O'Horten: Hamer's Excuse for Existential Vignettes on Everything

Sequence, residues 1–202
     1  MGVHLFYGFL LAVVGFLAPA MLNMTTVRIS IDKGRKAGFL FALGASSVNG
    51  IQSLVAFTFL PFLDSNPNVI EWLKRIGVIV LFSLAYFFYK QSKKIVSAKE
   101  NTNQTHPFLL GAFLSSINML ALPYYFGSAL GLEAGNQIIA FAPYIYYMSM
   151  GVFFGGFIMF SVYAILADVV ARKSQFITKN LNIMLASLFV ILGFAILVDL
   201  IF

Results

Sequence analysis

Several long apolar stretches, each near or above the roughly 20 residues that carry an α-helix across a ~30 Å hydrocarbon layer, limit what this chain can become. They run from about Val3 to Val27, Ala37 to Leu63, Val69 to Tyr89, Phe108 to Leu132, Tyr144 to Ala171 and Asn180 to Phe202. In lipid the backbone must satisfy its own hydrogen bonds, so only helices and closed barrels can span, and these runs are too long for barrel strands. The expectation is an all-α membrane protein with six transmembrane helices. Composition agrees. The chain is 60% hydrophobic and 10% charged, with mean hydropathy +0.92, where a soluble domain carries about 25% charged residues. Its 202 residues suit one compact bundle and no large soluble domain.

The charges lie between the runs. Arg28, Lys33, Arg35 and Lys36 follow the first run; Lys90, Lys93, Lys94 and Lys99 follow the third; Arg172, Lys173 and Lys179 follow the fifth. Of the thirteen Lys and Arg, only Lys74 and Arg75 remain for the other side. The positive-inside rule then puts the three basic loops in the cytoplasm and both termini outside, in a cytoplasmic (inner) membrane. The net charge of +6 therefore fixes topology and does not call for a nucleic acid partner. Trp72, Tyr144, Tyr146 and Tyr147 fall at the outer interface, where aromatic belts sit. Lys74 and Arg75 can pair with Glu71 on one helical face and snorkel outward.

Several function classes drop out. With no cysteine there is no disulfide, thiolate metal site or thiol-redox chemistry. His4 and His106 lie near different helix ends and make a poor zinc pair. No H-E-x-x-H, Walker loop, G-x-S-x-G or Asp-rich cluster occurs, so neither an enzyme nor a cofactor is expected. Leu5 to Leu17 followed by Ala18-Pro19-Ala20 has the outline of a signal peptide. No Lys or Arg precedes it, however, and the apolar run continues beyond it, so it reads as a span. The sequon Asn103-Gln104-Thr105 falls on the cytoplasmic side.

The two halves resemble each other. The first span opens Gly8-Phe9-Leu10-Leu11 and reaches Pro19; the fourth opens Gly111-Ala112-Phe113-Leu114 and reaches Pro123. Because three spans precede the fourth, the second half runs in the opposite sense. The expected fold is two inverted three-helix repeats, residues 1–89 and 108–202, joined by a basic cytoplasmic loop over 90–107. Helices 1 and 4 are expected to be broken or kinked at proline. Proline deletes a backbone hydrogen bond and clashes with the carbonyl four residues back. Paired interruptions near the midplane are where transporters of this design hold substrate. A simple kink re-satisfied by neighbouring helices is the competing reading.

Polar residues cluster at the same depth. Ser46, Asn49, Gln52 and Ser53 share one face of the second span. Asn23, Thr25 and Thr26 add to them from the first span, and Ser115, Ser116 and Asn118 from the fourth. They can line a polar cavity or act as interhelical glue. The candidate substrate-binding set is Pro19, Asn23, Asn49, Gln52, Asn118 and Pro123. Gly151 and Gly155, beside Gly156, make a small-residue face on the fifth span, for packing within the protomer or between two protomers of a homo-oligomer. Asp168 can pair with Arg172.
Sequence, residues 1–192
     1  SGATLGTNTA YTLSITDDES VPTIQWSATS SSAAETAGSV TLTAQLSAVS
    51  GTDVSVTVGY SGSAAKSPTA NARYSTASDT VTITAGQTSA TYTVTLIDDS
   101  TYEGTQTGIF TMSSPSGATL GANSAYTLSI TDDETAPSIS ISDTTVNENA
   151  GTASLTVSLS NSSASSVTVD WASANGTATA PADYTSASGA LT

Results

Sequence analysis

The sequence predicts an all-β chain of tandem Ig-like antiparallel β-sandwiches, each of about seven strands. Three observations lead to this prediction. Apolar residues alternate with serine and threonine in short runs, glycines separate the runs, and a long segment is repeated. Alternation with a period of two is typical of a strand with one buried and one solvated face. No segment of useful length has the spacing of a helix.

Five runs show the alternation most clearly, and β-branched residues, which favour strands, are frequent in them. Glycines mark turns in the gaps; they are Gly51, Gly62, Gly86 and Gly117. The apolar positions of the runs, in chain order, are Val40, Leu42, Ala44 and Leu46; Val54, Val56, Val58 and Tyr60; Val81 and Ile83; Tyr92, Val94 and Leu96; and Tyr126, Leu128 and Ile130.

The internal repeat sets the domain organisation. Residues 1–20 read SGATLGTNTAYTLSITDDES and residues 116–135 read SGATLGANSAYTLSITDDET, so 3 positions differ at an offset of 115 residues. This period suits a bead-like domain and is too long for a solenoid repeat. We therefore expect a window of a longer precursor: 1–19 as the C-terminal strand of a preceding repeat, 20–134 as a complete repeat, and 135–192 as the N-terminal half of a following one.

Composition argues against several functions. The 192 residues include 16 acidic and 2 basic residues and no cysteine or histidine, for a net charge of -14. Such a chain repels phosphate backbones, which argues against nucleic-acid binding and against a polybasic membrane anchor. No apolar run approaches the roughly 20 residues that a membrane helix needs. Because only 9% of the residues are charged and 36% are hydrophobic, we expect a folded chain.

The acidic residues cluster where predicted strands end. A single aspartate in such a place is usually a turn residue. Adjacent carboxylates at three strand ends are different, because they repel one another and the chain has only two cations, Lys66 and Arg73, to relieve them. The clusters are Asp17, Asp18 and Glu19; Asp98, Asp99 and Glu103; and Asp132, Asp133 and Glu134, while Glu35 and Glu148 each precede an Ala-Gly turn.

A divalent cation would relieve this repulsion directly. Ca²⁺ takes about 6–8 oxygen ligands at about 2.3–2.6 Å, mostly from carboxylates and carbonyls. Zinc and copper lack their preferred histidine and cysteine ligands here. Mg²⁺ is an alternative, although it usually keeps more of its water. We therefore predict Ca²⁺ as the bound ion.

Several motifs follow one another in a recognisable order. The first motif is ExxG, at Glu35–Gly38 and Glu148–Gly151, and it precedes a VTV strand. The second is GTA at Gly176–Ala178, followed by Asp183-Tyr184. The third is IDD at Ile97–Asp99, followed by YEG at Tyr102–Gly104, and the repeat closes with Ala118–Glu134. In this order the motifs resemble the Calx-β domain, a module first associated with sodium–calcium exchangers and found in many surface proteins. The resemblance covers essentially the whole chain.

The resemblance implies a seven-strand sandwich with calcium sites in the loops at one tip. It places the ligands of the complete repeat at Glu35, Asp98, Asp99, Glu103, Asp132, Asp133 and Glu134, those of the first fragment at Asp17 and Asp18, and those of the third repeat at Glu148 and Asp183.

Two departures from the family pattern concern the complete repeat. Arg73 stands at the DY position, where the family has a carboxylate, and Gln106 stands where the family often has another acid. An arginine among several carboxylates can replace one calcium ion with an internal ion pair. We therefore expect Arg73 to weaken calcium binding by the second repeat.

The premise of this gentle existential farce from Norwegian director Bent Hamer is little more than an excuse for a series of deadpan vignettes about love, death, and the meaning of life. Forced into age-mandated retirement, longtime train engineer Odd Horten (Bård Owe) quite literally goes off the rails and spends most of the movie dazedly wandering the wintry streets of Oslo, searching a maze-like airport for a prospective buyer for his boat, chatting up the recently widowed proprietress of a tobacco shop, and—in the film's loveliest sequence—riding shotgun with an avuncular old drunkard who prides himself on the ability to drive blindfolded. Above all, Horten—like his Seuss-ian near-namesake—seeks a sense of purpose. Hamer, whose Kitchen Stories tipped its hat to Tati and whose Factotum made an admirable stab at Charles Bukowski, here achieves a tone somewhere in the ballpark of Kaurismäki, with Owe's wonderfully stoic face rarely bending as it observes his fellow man in all his small-scale absurdities. The images, lit by the cameraman John Christian Rosenlund, have the incandescent glow of storybook illustrations. The movie, on its own modest terms, satisfies greatly.
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